Hats off to the MISSION group for having been able to externalize their “imaginings”. They articulated well their purpose:
“The philosophy and intention behind the Liwanag Festival is simple and straightforward. We externalize what we are inside…The Liwanag Festival therefore champions the celebration of genuine human, institutional, and societal achievements on the basis of creativity, vision, courage, and enthusiasm of the individuals who are creating this new reality. The Liwanag Festival chooses the kinds of successes that can ignite in citizens a visionary fire of enthusiasm to rise above and overcome the challenges that face them.”
AS A WORKSHOP FACILITATOR/FORESIGHT PRACTITIONER
As a foresight practitioner, I was able to spot a number of off the radar ideas, scenarios and was lucky to collect some “weak signals”, “emerging issues” and “trends” that matter and that might likely grow and impact Philippine society.
I penciled some of them:
There is a “rage” over the destructive impact of mining in key biodiversity sites of the country. Gina Lopez, Executive Director of the ABS-CBN foundation, showed how “open pit mining” could ruin the lives (social, political, economic and health) of thousands if not millions of people and indigenous communities in the Philippines. The crowd roared “We Do Not Want Mining in our Islands” (the emerging issue) to affirm their commitment to support eco-tourism and agriculture as alternatives to mining. Gina’s group has been able to collect 7 – 8million signatures supporting the petition to ban mining in key biodiversity areas. Lopez explained “The 10 million signatures will be presented to President Aquino who has yet to decide on a comprehensive mining policy” She said that her advocacy is not entirely against mining but maintains that “island ecosystems”—areas which contain farmlands, coral reefs, mangroves and endemic species—should be off-limits to mining (Uy, 2012).
The following are her non-negotiable values and concerns:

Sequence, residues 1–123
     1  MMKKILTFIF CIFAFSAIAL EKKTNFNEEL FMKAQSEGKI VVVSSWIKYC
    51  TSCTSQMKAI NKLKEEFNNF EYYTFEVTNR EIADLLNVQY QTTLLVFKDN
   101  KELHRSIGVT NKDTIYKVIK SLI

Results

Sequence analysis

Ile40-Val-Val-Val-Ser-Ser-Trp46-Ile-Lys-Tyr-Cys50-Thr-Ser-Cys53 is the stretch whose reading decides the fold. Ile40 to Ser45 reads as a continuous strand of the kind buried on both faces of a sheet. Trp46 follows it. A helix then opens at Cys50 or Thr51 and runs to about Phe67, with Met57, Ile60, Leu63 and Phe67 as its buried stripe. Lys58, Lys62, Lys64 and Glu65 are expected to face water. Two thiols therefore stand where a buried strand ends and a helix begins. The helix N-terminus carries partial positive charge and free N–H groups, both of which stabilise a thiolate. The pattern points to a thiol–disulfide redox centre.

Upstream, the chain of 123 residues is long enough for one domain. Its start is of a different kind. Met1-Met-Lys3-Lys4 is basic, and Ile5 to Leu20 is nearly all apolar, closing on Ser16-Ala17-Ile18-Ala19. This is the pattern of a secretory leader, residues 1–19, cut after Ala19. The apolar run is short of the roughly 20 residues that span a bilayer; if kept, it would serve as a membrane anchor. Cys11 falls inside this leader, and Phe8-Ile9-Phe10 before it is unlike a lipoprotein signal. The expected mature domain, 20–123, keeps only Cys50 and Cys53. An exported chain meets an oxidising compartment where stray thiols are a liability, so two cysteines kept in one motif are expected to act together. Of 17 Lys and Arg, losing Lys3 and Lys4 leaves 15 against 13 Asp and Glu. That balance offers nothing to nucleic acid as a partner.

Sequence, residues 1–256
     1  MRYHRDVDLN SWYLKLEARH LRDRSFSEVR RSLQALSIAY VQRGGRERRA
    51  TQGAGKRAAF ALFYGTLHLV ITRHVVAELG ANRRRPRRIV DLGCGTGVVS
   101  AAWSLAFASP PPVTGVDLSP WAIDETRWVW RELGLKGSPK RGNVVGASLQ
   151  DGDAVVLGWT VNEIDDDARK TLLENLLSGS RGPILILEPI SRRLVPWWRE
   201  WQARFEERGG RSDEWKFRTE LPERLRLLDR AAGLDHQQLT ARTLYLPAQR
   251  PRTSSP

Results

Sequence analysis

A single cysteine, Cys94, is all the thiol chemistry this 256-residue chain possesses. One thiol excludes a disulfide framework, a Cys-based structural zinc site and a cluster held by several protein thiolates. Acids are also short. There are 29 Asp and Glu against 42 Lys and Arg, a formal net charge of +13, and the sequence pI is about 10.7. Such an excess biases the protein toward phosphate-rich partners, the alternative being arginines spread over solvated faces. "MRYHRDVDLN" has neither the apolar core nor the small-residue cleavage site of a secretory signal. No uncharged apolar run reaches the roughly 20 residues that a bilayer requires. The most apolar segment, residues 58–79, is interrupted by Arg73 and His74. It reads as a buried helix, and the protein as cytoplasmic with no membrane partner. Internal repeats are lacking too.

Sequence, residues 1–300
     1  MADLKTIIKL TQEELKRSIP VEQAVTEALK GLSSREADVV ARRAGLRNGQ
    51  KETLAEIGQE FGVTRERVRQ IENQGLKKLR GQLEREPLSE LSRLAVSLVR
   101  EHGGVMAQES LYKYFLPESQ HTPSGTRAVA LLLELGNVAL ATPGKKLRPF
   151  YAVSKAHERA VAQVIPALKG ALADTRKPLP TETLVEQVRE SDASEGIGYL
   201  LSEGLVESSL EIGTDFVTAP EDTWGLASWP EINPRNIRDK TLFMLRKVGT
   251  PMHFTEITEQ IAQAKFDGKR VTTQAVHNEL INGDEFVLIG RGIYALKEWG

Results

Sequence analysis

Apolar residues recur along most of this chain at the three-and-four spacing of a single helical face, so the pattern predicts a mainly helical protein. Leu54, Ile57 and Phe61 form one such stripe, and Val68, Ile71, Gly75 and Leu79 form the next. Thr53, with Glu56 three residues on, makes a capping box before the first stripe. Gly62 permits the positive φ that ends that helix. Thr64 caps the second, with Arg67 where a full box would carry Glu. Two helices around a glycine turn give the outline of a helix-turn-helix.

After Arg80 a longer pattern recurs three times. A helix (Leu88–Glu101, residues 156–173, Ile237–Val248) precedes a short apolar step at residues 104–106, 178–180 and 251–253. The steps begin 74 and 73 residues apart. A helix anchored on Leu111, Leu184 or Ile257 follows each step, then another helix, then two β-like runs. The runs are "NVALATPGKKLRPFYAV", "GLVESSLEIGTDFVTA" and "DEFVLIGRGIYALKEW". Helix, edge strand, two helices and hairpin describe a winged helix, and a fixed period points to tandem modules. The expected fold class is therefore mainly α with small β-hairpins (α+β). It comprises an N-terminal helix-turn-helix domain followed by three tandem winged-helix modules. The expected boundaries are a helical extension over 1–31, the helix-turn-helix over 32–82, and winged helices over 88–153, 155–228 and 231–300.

Biodiversity holds pre-eminent value. It is life. “The Philippines ranks No. 1 in endemicity per unit area – which means the flora and fauna found here cannot be found anywhere else in the world.” (Source: Gina Lopez, Rappler Article, 2012).
Protect Island Ecolosystem. “This is an interweave of different ecological systems: forests, mountains, coral reefs, mangroves, farmlands – all intertwined in a specific location – where rivers and streams lead into the sea. Any kind of mining in these islands whether they be large scale or small scale is grossly irresponsible – especially since our country is hit by typhoons every year!” (Source: Gina Lopez, Rappler Article, 2012).
Mining has a very poor track record in the country. The highest incidence of poverty is in the mining sector. The poorest areas in the country are mining areas : Samar, Surigao, Benguet, Zambaonga. (Source: Gina Lopez, Rappler Article, 2012).
The national government earns very little from mining. 1.3% GDP and 0.36% employment. (MGB 2010 – 2011) There is a 5-year tax holiday – so operations are usually frontloaded during these years. We have no standard of evaluating what we are giving up. (Source: Gina Lopez, Rappler Article, 2012).
There are good alternatives to mining. Ecotourism and Agriculture is the alternative.
Mining threatens food security, and public health.
NO TO MINING IN OUR ISLANDS is an ALTERNATIVE Philippine future.
IMAGINE A PHILIPPINES WITHOUT MINING. IMAGINE A PHILIPPINES WITHOUT POVERTY. IMAGINE A VERDANT AND GREEN PHILIPPINES WITH ITS NATURAL RESOURCES PRESERVED AND PROVIDING JOBS AND WELL-BEING TO PEOPLE AND COMMUNITIES.
2. There is a way to end poverty in the Philippines – caring and sharing is the way. The “GK” (Gawad Kalinga meaning to give care), a Philippine based movement that aims to end poverty in the Philippines employs an integrated and wholistic approach to people empowerment. Founded by Tony Meloto in 1995, GK today currently works with over 2,000 communities all over the country. Their goal is to end poverty for 5 million families by 2024.
For GK poverty happens when:
“we forget to care for our fellowmen. Content with our own lives and our circle of family and friends, we tend to overlook the needs of others and fail to recognize that we are part of one big family. For poverty to end, love must overflow from our homes into the world.”
For Tony Meloto the vision of GK was “to restore the dignity of the poor through a culture of caring and sharing.” “By being our brother’s keeper, we will help one another by giving the Best for the Least, in the spirit of service and friendship.” (GK Official Website, 2012).